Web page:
In this morning’s first reading the prophet Isaiah is looking forward to a Messianic future, giving Israel a vision of something to hope for, how things will be when the Messiah comes. In the feast of the Epiphany kings saw God’s glory in Bethlehem. In the Baptism of Christ we saw God’s glory manifest in the Holy and Life-giving Trinity, in the obedience of the Son of God, and the way to salvation through baptism. Now in the first of Jesus’ signs we will see the fulfilment of prophecy. In Isaiah the joy of God’s kingdom is understood in terms of a marriage, such as we see in this morning’s Gospel. Everyone loves a party, and what better excuse could there be than a wedding: the joining together of a man and a woman, a sign of love, and joy, and commitment, something made holy and fruitful by God. 

At one level it symbolises God’s relationship with humanity brought about by the Incarnation: where God becomes human, so that humanity might come to share the divine life. The sheer joy of salvation, of hope in Christ, in uniting what sin had destroyed. What Isaiah looks forward to, is made real in Jesus Christ. And so the first of Jesus’ signs, demonstrations of the Kingdom of God takes place at a wedding, at Cana, in Galilee. 

It happens on the third day, just like the manifestation of God’s Glory in thunder and lightening at in Sinai in Exodus 19:16, it is less dramatic, but no less extraordinary. Jesus’ mother is there, so is He, and so are His Disciples. Marriages in the Bible are a community celebration. Lots of people are invited. It would be shameful for them to run out of wine, it’s not hospitable. Mary tells Jesus that they have no wine. And while Jesus’ reply may look like he’s upset, he doesn’t ignore her, or fail to comply with her request. His Hour has not yet come, and it will not, until Jesus dies upon the cross. It comes when He dies for our sins, when He makes a new Covenant in His Blood, the Lamb of God, who takes away the sins of the world, who as both priest and victim reconciles humanity and divinity, and gives us the hope of heaven.

Mary simply says to the servants, ‘Do whatever He tells you’. She stands as a model of Christian obedience: the key to the Christian life is to follow Mary’s example, and do whatever Christ tells us, nothing more, nothing less, just that. Our life is rooted in obedience: we listen to God and we obey, for our own good, and the good of the Kingdom, so that we are not conformed to the world and its ways, but rather to the will of God, so that we can truly enter into the joy of the Lord, in humble obedience, fed by Him, and fed with Him, who died for love of us in obedience to the will of the Father.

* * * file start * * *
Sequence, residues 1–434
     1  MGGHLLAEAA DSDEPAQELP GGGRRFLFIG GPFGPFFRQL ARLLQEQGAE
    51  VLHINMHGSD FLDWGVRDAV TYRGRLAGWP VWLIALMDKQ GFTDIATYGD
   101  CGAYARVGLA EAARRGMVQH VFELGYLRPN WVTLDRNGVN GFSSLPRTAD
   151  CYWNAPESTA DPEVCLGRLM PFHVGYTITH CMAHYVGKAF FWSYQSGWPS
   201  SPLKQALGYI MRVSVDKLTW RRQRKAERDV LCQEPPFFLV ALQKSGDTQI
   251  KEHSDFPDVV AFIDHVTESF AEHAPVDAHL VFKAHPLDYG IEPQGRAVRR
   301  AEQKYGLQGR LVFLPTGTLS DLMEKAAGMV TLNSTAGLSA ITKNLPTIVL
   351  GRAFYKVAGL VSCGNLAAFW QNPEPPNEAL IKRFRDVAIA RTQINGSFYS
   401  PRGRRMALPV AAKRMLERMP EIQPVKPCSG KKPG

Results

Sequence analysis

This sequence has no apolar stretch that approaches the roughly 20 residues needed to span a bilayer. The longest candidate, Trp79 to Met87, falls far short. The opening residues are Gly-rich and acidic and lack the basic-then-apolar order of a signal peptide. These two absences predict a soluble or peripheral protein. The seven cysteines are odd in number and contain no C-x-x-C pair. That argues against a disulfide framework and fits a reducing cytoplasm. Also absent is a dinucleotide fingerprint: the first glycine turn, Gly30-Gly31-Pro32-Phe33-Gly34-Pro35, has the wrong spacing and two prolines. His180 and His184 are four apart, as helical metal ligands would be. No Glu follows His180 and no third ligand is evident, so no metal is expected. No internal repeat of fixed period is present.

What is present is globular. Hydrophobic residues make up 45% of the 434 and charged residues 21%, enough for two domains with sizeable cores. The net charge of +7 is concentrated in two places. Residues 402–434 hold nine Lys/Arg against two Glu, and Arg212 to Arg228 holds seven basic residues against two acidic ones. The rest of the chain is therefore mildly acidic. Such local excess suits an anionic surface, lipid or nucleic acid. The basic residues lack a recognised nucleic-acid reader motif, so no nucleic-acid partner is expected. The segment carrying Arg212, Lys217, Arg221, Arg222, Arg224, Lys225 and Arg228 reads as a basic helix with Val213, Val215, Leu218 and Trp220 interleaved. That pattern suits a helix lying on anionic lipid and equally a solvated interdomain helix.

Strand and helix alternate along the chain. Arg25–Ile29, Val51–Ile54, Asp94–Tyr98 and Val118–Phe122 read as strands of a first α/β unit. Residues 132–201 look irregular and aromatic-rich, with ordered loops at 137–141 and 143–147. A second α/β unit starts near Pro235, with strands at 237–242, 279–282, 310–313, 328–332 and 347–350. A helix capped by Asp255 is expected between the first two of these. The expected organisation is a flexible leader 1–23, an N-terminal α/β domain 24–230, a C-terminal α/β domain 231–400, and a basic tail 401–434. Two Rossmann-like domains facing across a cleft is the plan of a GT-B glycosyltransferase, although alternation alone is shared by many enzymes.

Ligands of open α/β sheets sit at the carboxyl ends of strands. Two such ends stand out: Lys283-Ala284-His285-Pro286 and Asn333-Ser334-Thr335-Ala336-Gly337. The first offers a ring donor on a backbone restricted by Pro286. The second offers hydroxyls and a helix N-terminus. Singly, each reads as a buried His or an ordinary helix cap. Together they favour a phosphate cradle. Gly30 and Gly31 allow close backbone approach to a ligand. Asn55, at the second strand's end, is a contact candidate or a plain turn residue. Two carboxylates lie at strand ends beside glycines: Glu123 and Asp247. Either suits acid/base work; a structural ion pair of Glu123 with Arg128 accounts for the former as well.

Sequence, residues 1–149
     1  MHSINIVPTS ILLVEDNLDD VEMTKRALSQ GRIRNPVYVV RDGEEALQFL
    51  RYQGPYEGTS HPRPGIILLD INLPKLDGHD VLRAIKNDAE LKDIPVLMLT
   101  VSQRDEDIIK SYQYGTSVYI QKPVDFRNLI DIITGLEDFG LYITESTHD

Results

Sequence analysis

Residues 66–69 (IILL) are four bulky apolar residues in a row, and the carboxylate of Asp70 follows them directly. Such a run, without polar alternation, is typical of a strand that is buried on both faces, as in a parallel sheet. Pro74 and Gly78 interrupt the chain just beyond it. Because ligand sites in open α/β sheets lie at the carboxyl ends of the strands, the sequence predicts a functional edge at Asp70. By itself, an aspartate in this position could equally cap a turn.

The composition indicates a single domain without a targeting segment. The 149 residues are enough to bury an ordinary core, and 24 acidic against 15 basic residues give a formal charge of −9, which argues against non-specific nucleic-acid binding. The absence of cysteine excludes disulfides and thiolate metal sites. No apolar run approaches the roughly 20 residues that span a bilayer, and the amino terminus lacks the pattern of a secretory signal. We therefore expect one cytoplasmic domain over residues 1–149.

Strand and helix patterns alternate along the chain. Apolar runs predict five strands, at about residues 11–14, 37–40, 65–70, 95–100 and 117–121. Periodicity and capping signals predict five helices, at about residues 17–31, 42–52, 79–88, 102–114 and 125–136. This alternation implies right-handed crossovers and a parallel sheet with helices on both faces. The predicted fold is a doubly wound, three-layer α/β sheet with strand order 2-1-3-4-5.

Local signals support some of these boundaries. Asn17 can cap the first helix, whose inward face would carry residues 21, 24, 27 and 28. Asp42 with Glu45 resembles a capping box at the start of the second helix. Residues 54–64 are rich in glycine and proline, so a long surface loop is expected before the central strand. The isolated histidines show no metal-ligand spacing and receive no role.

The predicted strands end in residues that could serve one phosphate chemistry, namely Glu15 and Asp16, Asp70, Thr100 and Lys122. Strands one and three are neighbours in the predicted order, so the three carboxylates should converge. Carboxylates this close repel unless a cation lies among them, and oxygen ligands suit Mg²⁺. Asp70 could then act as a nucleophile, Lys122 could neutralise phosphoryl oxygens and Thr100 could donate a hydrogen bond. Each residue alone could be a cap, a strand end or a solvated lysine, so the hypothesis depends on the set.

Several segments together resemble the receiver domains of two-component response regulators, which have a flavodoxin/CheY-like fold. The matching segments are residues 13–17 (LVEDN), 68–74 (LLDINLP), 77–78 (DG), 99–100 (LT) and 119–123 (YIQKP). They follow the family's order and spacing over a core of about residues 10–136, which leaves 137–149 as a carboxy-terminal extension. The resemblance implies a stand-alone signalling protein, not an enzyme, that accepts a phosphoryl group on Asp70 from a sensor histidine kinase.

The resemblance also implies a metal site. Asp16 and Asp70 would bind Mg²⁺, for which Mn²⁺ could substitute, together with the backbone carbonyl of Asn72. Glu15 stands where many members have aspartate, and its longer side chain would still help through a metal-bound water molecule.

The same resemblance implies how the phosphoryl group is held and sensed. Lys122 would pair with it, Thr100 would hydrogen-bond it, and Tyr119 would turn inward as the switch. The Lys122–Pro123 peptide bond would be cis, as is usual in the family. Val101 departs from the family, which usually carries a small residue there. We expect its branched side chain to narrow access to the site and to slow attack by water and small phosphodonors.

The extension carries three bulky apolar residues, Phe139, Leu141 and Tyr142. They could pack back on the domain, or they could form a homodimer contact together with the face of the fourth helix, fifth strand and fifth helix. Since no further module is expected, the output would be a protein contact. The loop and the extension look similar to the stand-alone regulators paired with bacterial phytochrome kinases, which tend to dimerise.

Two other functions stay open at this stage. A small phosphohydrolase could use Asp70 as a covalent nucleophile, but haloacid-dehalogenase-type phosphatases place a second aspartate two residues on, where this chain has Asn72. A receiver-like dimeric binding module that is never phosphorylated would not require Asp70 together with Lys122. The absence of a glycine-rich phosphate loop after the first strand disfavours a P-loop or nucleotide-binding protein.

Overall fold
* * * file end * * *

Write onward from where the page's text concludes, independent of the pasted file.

There were six stone water jars there, for purification, holding twenty or thirty gallons each, about the size of a modern wheelie bin: one hundred and eighty gallons, or about six hundred and eighty litres, or the equivalent of one thousand four hundred and forty pints of beer, given that ancient wine was drunk diluted with two parts water. It’s a lot of wine to drink, and that’s the point: it’s a sign of the super-abundance of the Kingdom of God. It shows us that Christ is a type of Melchisedek, the priest-king of Salem, a priest of the most High God, who in Genesis 14:18-20 offers bread and wine to Abram. The steward is amazed, it’s the best wine he’s ever tasted. The steward had a point: you serve the best wine first, while people are sober and can appreciate it, but the Kingdom of God turns human values on their head — the joyous new wine of the Kingdom is finer than any human wine and is lavished upon undeserving humanity, so that it might transform us, so that we might come to share in the glory of God, and his very nature. 

It’s a reason for celebration, our being saved by Christ, and our vocation as Christians is JOY. We are called to be filled with Joy, the Joy of the Lord is our strength (Nehemiah 8:10). The one whom we worship, the one who saves us, liked nothing better than to hang around at parties with social undesirables, and was accused of being a drunkard. In both Luke [7:34] and Matthew [11:19] we see Jesus rejoicing in such name-calling, ‘for the Son of man came eating and drinking, and they say, ‘Behold, a glutton and a drunkard, a friend of tax collectors and sinners!’ Yet wisdom is justified by her deeds.”’ (Matthew 11:19) 

Our Christian lives are to be one of celebration, that we are saved, that God loves us. It is why we are here today at the Eucharist, a foretaste of the marriage feast of the Lamb, and the joy of heaven. It is where we drink the wine of the Kingdom the Blood of Christ so that we may be transformed by the power and the grace of God, so that we may share his Divine life, and encourage others to enter into the joy of the Lord.

The Wedding at Cana points to the Cross, as it is when Jesus’ hour comes, when He sheds his blood for us. It removes all our shame, all the sins of humanity, so that we can enjoy forever the banquet of God’s love prepared for us in Heaven, and it is shown and foreshadowed here under the outward forms of Bread and Wine. So let us feast on the Body and Blood of Christ so that we may be transformed more and more into His likeness. Let us live out our Joy, and share it with others so that they may come to believe and give glory to God the Father, God the Son, and God the Holy Spirit, to whom be ascribed as is most right and just, all might, majesty, glory, dominion and power, now and forever.

cana

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